Site icon Women Fitness

Birth Defects On A Rise In Babies Born Out Of Fertility Treatment

Nearly 4 million babies are born every year with the aid of fertility treatments.

Babies conceived with infertility treatment methods are more likely to have certain birth defects than babies who are conceived naturally, according to a study published today in the New England Journal of Medicine. Eight percent of the babies conceived through assistance were born with birth defects such as heart, genital, kidney, lung and muscle problems, compared to nearly 6 percent of babies who were conceived naturally, the study found. Those conceived through fertility assistance were also more likely to have cerebral palsy.

The study was carried out for 16 years and evaluated more than 308,974 births which happened between January 1986 and December 2002 in South Australia. Birth defect rates were analyzed based on the type of fertility treatment. Researchers divided women into three different groups: those who got pregnant naturally; those who had history of infertility; and those who previously used help in order to conceive. The study found that nearly 10 per cent of women, who opted for ICSI method in order to get pregnant, gave birth to a baby with some form of defect, such as cerebral palsy, bowel and urinary tract problems, as well as problems with heart and lungs. Women who chose to use IVF treatments were found to be at a slightly less risk of delivering a newborn with some form of defect, with a 7.2 per cent defect rate. Risk of giving birth to a baby with a health problem was tripled among women who used Clomid to induce ovulation outside doctor’s office.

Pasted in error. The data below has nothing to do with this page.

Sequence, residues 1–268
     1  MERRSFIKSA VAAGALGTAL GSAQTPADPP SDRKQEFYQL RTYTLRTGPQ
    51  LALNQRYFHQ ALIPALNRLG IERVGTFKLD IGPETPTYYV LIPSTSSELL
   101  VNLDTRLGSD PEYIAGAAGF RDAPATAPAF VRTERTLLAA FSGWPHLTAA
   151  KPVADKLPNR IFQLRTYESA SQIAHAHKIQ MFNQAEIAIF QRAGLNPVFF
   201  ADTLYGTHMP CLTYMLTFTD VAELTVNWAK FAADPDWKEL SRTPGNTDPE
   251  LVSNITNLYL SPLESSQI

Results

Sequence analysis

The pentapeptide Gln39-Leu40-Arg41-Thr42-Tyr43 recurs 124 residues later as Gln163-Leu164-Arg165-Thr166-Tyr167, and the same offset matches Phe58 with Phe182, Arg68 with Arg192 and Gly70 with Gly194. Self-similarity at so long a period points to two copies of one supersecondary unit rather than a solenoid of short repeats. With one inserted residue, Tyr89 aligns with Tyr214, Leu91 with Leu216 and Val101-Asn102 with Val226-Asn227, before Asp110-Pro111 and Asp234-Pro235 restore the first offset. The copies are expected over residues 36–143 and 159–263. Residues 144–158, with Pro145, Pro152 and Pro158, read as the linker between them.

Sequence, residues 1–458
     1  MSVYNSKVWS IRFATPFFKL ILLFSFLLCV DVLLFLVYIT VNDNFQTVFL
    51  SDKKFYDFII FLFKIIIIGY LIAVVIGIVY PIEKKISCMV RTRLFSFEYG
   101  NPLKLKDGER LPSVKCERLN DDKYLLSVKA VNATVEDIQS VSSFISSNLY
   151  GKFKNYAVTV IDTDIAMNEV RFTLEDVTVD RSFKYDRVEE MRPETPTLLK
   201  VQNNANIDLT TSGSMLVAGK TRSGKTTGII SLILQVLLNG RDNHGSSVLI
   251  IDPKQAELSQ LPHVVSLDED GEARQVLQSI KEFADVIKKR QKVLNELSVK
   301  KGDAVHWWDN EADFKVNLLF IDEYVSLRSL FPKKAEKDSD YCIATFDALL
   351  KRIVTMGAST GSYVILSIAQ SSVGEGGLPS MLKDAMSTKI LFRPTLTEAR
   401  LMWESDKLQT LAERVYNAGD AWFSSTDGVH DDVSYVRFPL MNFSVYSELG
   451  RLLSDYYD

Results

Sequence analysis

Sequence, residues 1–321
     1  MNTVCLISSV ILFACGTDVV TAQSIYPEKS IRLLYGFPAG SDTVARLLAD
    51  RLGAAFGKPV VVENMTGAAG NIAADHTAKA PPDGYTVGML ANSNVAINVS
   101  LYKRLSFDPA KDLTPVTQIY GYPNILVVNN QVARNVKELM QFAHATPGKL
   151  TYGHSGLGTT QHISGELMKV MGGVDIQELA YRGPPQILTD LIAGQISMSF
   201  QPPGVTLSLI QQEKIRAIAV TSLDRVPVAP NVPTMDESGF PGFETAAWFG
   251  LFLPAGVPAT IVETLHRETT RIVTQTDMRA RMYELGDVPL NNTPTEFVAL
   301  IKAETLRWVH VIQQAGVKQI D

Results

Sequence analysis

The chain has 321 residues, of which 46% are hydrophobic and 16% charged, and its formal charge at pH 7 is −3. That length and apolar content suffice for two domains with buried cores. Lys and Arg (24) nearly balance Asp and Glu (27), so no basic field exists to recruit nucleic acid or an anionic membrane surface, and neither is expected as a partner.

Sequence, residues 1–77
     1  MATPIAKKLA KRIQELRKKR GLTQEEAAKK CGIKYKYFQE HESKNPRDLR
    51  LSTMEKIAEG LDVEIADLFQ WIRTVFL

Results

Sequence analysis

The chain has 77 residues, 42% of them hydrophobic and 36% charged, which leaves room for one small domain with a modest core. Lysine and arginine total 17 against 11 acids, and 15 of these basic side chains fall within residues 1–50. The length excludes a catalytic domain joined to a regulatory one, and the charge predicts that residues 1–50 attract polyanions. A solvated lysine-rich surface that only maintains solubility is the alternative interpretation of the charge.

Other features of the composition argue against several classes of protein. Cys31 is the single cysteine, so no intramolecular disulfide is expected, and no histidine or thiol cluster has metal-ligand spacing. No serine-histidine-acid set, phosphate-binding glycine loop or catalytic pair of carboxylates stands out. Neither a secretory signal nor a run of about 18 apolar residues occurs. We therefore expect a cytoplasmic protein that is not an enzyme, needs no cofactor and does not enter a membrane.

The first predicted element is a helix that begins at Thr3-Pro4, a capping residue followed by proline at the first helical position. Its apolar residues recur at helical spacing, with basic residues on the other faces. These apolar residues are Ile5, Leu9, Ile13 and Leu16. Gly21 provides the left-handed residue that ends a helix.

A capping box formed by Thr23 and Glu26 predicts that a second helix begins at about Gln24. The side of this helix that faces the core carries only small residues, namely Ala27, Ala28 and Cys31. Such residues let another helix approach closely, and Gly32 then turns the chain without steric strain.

The following types of birth defects were more common among babies conceived through Assisted Reproductive Technology (ART)

There are number of reasons responsible for birth defects



It’s possible that the IVF techniques themselves, the jostling and handling of the embryos, or the drugs that go along with fertility treatment, could be involved. Go for IVF treatment at a recognized centre.

Exit mobile version